I write a blog of our travels, see my signature. Many of my readers think that we have an endless series of failures. As others have said, most are related to the cabinets and walls continually being realigned as we travel down the road. Making contact with fixed (and moving) objects can lead to more excitement than I care to think about.
With the coach we just traded in 100,000 miles and 8 years we were stuck for 1 hour once! Slideout room would not come in and I did not know how o manually retract it. Tech arrived 30 minutes after I called, determined he couldn't fix the motor and brought it in manually. Once I saw how he did it I smacked my foreheads and thought I could do that and I even have the tool - a large wrench.
First coach stranded us twice and even skilled techs were left scratching their heads and calling WorkHorse for help. They are great stories to tell around the campfire with an adult drink in hand.
Trucking down the road in our new Phaeton 36QSH on Freightliner Chassis with a Cummins 380 pushing it. 2011 Cherry Red Jeep Wrangler Rubicon with US Gear Unified Tow Brake System. Check out my blog
FMCA 352081 SKP# 99526
Yep: until you get into seven-figure custom coaches, motorhomes are usually built with quality that would have the builders of Yugos and Trabants hanging their heads in shame. Bluntly, the quality ranges from dismal to appalling. That's why I converted a bus...I saw just how BAD the build quality was on most motorhomes.
John and Elizabeth (Liz), with 3 nutty cats
My beloved St. Bernard, Marm, lost him 1/2/12
1992 International Genesis school bus conversion
I think some of it has to do with use....or maybe lack therof. Once you get through the initial hit list things will probably get better. Full timers seem to have the least problems with very low usage coaches having more problems. After 9 years full timing in our coach we have gone through a fridge, a washer dryer and a board in the water heater board. The chassis has been bullet proof with the exception of a transfer pump and fuel line issue. I suppose there have been minor things and cosmetic issues but that's just part of the aging process.
2003 Revolution 40C Class A. 2002 Vanguard 22 foot Class C. Diesel smart car Toad or pulling a 2009 Timeout Tent Trailer.
Life is not measured by the number of breaths we take but rather by the moments that take our breath away.
Sadly this theme of poor quality is common place. The RV industry should take note and raise the bar. But why should they if we keep buying? I considered buying a new trailer but honestly I am afraid of what I will get. I have spotted quality and design issues right on the sales lot.
Same here. I have a 2005 TT, and its still a great unit. While I would love to have a new one with some of the newer bells and whistles, I have looked at the quality of the new ones and it is much worse than even just 7 years ago. They just keep finding ways each year to make something a bit cheaper...each year that adds up to the point they are getting so much flimsier. I went from a '99 trailer to a 2005. Great Jayco unit, but I could tell a lot of the things in it and construction wasn't as solid and IMO jayco is one of the best, but still yet you can see where corners were cut to save money. I am afraid to see the decline in quality from '05 to '12.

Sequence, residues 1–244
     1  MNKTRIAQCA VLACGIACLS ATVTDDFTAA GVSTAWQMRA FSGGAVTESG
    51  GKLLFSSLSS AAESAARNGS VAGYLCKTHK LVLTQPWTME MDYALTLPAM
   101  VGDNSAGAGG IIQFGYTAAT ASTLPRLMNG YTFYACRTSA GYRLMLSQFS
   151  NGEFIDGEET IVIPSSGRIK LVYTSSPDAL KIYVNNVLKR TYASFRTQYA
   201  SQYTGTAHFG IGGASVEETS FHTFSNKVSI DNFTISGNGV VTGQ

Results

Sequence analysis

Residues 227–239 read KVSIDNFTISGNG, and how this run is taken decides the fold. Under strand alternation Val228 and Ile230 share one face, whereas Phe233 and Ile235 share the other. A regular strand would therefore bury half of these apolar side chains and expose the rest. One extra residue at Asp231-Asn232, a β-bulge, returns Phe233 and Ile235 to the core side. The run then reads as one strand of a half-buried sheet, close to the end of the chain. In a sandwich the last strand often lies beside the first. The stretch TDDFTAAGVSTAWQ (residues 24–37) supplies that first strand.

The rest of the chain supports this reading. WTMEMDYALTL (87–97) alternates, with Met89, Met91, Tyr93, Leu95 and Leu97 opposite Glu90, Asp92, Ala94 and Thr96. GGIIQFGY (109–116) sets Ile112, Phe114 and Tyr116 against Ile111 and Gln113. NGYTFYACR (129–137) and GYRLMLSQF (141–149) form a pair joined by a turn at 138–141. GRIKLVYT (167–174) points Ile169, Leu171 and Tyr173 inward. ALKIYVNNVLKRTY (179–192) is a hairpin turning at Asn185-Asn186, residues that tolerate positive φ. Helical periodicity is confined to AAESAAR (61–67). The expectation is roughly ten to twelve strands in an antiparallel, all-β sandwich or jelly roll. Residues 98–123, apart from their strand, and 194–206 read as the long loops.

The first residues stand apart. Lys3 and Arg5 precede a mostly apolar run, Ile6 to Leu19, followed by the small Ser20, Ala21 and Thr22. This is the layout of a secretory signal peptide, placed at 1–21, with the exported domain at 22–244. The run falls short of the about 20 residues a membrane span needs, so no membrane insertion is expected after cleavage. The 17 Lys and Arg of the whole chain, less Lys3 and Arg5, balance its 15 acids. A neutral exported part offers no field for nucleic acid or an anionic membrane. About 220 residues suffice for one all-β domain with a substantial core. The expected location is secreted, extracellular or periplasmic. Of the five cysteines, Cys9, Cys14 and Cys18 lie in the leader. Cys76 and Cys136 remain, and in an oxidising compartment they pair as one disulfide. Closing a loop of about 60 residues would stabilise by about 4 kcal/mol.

Sorry to hear of your troubles. They certainly take some of the fun out of cruising the roads, but take heart. Better days may be coming.
Lack of quality in the RV manufacturing industry may be corrected the same way it was corrected in the automobile, motorcycle, aircraft, large home appliance market, heavy equipment, farm implement, and others: By foreign companies offering better products for less. So I will not feel any worse for the unemployed American RV company owners, managers, designers, assembly line workers, suppliers, etc. than I felt for the overcompensated, inefficient, arrogant and/or possibly just lazy workers that lost their jobs at Chrysler, Harley-Davidson, MAytag, GM, Boeing, on and on, due to free-market competition. Unfortunately "Buy American" is shouted loudest by people who can't or won't change their ways.
Today the above industries deliver a better product at better prices to Americans than they used to. With American labor and American suppliers.
Just my 2 cents.
Wow! this coffee is strong this morning....I'm certainly sorry if I offended anyone. But I started hearing this same complaint from my Dad before the Japanese cars started arriving years ago. He rebelled by purchasing a new 1959 VW Beetle made in Germany. Now i want one.
Mark, Jean, Paul & Lizzy (the mutt)
1997 Fleetwood Southwind Storm 34LS
Thirsty, noisy & clunky. She ain't pretty, but she sure is fun! "Aerodynamics are for people who can't build engines." Enzo Ferrari
The more stuff you have the more stuff you have to repair. If you owned one car, rented a house, and never traveled, you would have a ton of $$$ and time. BUT what fun would that be. I love traveling in my MH and am paying for it in repairs and maintenance.
Not to be controversial, but they know how to build a reliable Class A DP in the greater Elkhart, Indiana area.
They just seem to have lost the recipe during the "go go" years of the 2000's.
Our "vintage" American Eagle has been as reliable as my 2005 Acura and DW's 2003 Nissan. Granted all the bugs were worked out way before we bought the coach in 2009, but there have been no issues, only small repairs in 3.5 years to the steps, fans and refrigerator.
Granted these older coaches don't have all the bells and whistles of today's new units, but there is plenty of complexity.